If Newsom loses the recall, his successor as governor will be determined by who gets the most votes on “part 2” of the same ballot. In that case, you might logically ask, isn’t the “part 2” winner a safe bet to be a Democrat in such a heavily Democratic state? Actually, no.

On the theory that having any prominent Democrat in contention would harm his chances of surviving the yes/no recall vote on the ballot’s “part 1,” Newsom and party operatives conveyed to all of the state’s prominent Democrats: Don’t even think about it.

The intimidation was successful. Not a single Democrat with substantial name recognition is on “part 2” of the ballot, so no reasonable safety net contender exists if the recall wins. As a result, Newsom’s replacement looks as likely to be an ultra-right Republican as a Democrat. And if the replacement is a Democrat, it would almost certainly be a highly problematic fellow — a financial adviser and YouTube star named Kevin Paffrath, whose grab bag of ideas includes a few that appeal to Democrats (like marriage equality, higher teacher pay and promotion of solar and wind farms) but features a lot of pseudo-populist notions that would do tremendous damage if implemented.

Paffrath’s proposals, as described by the Southern California News Group, seek “to make all coronavirus safety measures optional, to ditch income tax for anyone making less than $250,000, to use the National Guard to get all unhoused Californians off the streets and to give trained gun owners more rights.” As a clue to the inclusivity of the “centrist solutions” that Paffrath says he’s yearning for, he introduced himself to voters with a video that “features clips from Fox News and from conservative media host Ben Shapiro.” Recent polling shows the 29-year-old Paffrath neck and neck with the frontrunning Republican on the ballot — bombastic Trumpist talk-show host Larry Elder.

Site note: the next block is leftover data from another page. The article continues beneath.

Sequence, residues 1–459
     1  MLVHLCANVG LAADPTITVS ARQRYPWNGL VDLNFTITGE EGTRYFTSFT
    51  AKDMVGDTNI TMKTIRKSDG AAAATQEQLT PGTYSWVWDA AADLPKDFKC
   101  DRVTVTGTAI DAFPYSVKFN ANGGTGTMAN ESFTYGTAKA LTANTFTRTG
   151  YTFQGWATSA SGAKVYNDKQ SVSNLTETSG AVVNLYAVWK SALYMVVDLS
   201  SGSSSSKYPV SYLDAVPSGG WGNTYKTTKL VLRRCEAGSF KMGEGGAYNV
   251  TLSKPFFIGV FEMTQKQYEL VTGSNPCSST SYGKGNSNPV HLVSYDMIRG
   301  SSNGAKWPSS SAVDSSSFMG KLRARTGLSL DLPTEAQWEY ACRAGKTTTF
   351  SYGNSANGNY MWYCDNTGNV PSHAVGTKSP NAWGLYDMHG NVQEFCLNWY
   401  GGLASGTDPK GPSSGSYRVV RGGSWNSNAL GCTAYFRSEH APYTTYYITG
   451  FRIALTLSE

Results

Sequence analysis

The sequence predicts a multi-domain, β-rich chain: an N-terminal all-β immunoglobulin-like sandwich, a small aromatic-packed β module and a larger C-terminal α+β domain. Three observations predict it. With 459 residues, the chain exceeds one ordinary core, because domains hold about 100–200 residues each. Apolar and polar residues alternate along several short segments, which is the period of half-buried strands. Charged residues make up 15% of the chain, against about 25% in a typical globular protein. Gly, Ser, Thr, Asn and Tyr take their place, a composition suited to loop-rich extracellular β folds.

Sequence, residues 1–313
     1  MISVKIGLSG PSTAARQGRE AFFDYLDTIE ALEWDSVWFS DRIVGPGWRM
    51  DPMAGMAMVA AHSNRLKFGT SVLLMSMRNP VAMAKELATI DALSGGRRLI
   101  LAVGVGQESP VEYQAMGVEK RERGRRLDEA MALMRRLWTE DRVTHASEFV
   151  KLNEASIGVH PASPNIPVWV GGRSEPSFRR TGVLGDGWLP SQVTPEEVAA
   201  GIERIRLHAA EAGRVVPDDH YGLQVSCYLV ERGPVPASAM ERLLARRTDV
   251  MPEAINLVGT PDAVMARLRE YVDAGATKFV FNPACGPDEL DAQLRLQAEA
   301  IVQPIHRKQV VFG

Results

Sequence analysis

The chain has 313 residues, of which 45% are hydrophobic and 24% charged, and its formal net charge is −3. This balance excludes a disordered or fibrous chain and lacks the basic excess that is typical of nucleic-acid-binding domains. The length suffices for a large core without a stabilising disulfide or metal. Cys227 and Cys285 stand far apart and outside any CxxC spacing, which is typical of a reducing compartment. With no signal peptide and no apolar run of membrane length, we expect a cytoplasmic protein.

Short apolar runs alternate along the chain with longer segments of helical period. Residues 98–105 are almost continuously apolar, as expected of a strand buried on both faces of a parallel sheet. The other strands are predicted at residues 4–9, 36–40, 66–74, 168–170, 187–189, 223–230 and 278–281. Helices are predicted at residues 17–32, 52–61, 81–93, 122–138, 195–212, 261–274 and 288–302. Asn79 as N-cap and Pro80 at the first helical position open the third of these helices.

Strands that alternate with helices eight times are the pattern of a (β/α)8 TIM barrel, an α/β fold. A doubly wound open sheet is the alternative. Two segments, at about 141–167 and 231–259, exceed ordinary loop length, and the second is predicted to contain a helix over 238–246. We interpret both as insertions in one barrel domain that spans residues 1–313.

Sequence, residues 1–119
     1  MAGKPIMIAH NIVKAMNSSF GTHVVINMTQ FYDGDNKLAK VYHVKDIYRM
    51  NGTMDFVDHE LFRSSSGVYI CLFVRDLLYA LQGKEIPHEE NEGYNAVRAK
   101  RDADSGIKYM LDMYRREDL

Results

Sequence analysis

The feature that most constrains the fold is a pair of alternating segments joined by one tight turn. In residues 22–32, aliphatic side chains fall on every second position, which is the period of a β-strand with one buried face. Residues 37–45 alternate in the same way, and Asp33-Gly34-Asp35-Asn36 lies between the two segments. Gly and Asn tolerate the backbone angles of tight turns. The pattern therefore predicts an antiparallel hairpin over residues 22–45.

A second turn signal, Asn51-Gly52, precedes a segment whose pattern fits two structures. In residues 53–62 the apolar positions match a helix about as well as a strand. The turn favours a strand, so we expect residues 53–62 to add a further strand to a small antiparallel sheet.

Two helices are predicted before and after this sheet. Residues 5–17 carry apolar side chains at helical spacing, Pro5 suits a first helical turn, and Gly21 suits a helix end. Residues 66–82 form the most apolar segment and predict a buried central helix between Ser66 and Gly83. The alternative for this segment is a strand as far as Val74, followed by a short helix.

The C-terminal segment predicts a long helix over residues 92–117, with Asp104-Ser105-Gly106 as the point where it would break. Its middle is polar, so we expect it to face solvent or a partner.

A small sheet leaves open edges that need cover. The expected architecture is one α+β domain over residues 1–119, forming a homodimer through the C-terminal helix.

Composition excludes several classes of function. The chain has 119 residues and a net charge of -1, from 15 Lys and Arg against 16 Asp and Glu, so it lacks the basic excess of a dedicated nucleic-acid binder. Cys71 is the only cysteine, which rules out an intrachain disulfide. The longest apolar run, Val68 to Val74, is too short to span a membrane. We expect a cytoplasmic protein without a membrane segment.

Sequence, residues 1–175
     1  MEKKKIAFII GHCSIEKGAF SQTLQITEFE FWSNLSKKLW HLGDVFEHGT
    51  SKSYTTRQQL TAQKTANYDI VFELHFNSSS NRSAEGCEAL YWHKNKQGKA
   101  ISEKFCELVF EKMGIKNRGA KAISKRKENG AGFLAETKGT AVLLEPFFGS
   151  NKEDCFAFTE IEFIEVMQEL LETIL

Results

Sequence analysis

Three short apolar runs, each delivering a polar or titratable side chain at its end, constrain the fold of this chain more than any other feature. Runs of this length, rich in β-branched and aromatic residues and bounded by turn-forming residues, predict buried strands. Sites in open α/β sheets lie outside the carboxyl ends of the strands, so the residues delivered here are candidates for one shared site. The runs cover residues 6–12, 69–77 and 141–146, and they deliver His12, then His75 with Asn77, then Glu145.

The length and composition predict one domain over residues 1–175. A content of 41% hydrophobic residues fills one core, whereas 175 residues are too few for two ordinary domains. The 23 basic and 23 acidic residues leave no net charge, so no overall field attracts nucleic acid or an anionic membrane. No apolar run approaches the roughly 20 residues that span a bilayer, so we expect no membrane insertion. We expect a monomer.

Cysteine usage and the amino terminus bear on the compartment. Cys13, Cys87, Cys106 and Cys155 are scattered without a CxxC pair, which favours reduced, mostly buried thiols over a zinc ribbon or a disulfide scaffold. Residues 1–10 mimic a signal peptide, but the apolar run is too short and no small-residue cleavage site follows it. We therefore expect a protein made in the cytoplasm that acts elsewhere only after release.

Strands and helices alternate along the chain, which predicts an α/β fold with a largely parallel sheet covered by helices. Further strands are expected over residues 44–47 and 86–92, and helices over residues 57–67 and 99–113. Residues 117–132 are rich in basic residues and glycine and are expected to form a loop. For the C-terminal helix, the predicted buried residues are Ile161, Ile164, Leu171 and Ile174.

Whether Newsom will remain governor past mid-autumn now looks like a coin flip. And what’s at stake in the recall goes far beyond California — in fact, all the way to the nation’s capital.

California’s 88-year-old senior senator, Dianne Feinstein, is widely understood to be in poor health and suffering from cognitive decline as she — with increasing difficulty — navigates the U.S. Senate, now evenly split between the two parties. Under state law, if she dies or otherwise leaves her seat vacant, the governor gets to appoint the replacement. In a worst-case scenario, a Republican becomes governor when the recall election results are certified in October and thus for at least 14 months would have the power to select Feinstein’s replacement, thereby making Mitch McConnell the Senate majority leader.

Given the looming political dangers, Sen. Feinstein should resign so that Gov. Newsom could appoint a Democratic replacement. But such a selfless move by Feinstein is highly unlikely. Despite all the talk about loyalty to their party and determination to defeat the extremism of the Republican Party, corporate Democrats like Newsom and Feinstein routinely look out for number one. That’s how we got into this ominous recall mess in the first place.